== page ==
7. Superman & Lois. The Arrowverse’s experiment as the TV equivalent of the movie MCU has been about as uneven as the MCU itself, with Black Lightning the only show to be great for its entire run. So it’s been a tremendous surprise to see yet another Superman show find new stories to tell – and to tell them really really well. This is a darker Superman in a way that the movies failed to master. Tyler Hoechlin then is the perfect actor for this role. He’s a different actor than any other actor that’s played this role, which at first was hard to appreciate. But his innate soulfulness and edge is exactly what’s needed for a show that takes Superman seriously as a potential danger. It’ll be interesting to see if Superman & Lois can break the Arrowverse curse and continue to be great in subsequent seasons.
6. Queen Sugar. Due to the pandemic, Queen Sugar was able to air two full seasons in 2021. And six seasons in, it’s still a wondrously beautiful exploration of one Black family’s life and legacy. The show took some surprising risks that paid off massively from incorporating the pandemic into the story to redeeming Davis West to challenging Micah’s (and, by extension, the audience’s) understanding of sexuality and masculinity. At every turn, the show excelled, recognizing that it has one of the finest, most unsung ensembles on television. One never knows what to expect with each season of Queen Sugar. So it’ll be truly fascinating to see what Ava and her team have in store for the final season next year. Either way, the show will end its run as the finest black drama we’ve ever had the privilege of watching.
5. Insecure. Ending its run as the show for Black millennials, Insecure‘s greatest legacy may be its unwavering commitment to telling the most honest story that it could about that time in your life when you are really just still trying to figure it out. That made it, at times, an infuriating show to watch. Issa had terrible taste in men and Molly was the definition of self-destructive. But we loved them because we all know someone like that (or, are that). Lawrence was always endgame. But the beauty of the show in real time was never being quite sure the writers really knew this to be true. The final season was only slightly unwieldy. But the perfect finale encapsulated everything wonderful about the show and sent our favorite Black millennials off into the world more whole than how we found them.
4. Succession. Like Mad Men before it, Succession is really the only groupthink prestige drama to live up to its hype. It’s not easy to make what is really just a savage takedown of everything that is wrong with American economy, politics, and whiteness riveting. But Succession did it again with Season Three. It helps that the cast is so, so good and that the writing can be emotional, hilarious, and satirical all at once.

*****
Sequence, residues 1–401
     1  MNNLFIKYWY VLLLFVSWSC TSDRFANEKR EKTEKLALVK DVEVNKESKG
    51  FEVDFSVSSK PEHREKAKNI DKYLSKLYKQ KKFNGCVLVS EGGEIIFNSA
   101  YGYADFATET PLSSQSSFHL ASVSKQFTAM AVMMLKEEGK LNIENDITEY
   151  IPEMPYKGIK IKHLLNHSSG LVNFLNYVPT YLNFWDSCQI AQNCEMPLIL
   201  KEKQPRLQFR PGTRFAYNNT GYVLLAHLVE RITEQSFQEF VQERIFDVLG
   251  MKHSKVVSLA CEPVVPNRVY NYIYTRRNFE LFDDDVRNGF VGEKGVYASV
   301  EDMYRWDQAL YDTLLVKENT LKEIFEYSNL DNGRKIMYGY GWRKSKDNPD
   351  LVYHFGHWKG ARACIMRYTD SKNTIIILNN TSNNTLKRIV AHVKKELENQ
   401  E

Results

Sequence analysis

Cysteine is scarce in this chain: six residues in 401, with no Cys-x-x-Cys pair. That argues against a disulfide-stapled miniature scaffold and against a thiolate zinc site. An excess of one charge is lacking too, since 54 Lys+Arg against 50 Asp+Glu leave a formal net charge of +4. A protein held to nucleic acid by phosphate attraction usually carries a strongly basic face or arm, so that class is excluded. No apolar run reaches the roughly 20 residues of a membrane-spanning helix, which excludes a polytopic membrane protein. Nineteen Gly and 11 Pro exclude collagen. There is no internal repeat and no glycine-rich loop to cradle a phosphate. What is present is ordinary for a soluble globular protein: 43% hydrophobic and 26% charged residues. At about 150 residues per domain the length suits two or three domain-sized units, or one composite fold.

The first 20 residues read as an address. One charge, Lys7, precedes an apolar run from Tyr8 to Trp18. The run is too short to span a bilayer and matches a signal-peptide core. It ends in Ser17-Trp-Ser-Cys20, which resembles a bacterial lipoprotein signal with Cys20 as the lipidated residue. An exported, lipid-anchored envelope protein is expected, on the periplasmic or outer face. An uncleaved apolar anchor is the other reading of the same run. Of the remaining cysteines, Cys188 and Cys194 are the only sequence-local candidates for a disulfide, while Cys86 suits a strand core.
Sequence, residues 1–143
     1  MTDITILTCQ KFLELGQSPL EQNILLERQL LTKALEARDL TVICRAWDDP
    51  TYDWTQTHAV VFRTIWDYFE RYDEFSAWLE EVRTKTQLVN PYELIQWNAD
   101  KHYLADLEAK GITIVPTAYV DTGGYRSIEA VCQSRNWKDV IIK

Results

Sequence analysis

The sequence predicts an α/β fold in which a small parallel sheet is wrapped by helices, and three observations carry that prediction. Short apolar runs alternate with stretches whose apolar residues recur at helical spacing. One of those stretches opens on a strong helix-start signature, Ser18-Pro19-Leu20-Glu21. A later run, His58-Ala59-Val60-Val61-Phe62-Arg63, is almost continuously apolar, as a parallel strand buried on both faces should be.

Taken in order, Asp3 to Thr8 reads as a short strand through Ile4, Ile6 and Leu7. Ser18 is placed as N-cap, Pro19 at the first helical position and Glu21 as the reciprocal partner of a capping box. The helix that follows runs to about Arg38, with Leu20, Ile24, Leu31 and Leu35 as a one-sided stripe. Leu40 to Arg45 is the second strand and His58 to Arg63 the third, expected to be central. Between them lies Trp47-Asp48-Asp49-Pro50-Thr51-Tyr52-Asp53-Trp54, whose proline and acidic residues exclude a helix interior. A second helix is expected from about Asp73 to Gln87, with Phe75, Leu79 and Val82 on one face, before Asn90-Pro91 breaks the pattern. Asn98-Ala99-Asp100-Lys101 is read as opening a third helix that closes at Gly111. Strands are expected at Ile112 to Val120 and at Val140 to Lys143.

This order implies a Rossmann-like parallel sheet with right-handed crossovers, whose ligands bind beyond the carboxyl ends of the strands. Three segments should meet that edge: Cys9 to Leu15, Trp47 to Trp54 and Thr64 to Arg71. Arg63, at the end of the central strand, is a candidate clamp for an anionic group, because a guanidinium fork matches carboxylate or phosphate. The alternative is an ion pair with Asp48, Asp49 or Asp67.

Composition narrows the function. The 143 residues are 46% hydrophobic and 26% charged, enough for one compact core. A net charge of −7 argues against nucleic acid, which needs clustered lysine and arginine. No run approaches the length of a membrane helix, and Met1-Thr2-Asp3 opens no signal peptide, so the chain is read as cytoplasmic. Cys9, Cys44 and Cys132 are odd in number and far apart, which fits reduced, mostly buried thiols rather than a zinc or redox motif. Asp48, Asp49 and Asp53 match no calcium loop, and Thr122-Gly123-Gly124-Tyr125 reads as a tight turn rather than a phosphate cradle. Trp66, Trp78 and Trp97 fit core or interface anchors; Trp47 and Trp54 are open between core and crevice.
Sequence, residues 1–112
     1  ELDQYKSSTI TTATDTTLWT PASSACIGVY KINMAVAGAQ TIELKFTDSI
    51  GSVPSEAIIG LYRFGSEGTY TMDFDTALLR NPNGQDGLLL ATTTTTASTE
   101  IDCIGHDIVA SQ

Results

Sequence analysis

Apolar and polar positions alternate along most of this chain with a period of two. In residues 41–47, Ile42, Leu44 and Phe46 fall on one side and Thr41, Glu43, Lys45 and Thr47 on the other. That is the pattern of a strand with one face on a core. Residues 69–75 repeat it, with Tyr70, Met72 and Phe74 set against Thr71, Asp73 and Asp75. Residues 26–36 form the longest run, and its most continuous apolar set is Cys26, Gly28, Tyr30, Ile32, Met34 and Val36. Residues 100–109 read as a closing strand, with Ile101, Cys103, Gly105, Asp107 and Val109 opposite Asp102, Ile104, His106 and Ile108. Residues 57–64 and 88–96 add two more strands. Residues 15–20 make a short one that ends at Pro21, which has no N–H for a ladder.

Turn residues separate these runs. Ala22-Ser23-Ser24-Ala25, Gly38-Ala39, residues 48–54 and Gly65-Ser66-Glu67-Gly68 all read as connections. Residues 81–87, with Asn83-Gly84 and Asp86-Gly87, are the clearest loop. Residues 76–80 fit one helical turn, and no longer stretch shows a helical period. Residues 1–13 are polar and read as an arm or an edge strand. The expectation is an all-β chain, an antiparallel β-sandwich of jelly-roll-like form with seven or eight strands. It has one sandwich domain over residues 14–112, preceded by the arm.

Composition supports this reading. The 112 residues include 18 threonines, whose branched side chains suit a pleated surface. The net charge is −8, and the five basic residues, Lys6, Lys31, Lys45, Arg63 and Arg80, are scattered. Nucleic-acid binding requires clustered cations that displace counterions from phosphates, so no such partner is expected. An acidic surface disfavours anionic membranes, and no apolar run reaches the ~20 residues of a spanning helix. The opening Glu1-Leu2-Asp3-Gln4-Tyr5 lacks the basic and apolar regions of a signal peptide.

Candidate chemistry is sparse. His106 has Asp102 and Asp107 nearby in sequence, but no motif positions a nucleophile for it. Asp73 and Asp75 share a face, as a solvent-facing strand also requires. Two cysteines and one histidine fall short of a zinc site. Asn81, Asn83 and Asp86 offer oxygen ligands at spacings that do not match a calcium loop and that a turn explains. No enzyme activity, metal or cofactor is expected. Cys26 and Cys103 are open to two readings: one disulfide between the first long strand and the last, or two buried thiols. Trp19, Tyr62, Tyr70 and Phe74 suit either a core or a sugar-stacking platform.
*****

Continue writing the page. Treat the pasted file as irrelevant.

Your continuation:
3. Underground Railroad. Barry Jenkins made – on a technical level – the most accomplished television show of the year. He also made something that resonates on multiple levels. Underground Railroad is historical fiction filtered through a director’s singular vision. At every turn, it’s surprising and fascinating. The most beautiful thing about the source material is that magical realism only makes the actual Underground Railroad seem that much more incredible. And Jenkins gets that.
2. Love Life. Black men’s feelings about, struggles with, and desire for love are underexplored in television and film. So when Love Life decided to focus on a Black male character, Marcus Watkins, in its second season, it was genuinely exciting and new. The show gave us a beautiful exploration of a brother trying to find love and having no real idea how to do it. And in William Jackson Harper Love Life had a leading man who could convincingly play an Every(Black)man in all his complexities. Black men are so rarely given space to be vulnerable onscreen that it was at times overwhelming to see just how much of a mess Marcus Watkins really is. I was never really sure Marcus would figure it out. And, honestly, that was so much the pleasure of watching it all unfold.
1. Swagger. Swagger is a show that is both an indictment of pre-professional basketball’s effect on pre-teen boys and girls and a clear-eyed depiction of our complicity in this system. That tension is at the heart of the series and drives every creative decision. And it makes for a truly unsettling and yet surprisingly heartwarming viewing experience. Every single time I watched an episode I forgot for a minute that our protagonists are barely 14. And then they’d do something so completely teenaged – like get excited over a tweet from Kendrick Lamar – and you’d be snapped right back into your awareness that these kids are barely a year or two into puberty. The cast is dynamite, with at least 6 or 7 young actors who had never really acted before doing dynamic work. Swagger is the best show Apple TV has yet produced and the best television show of 2021.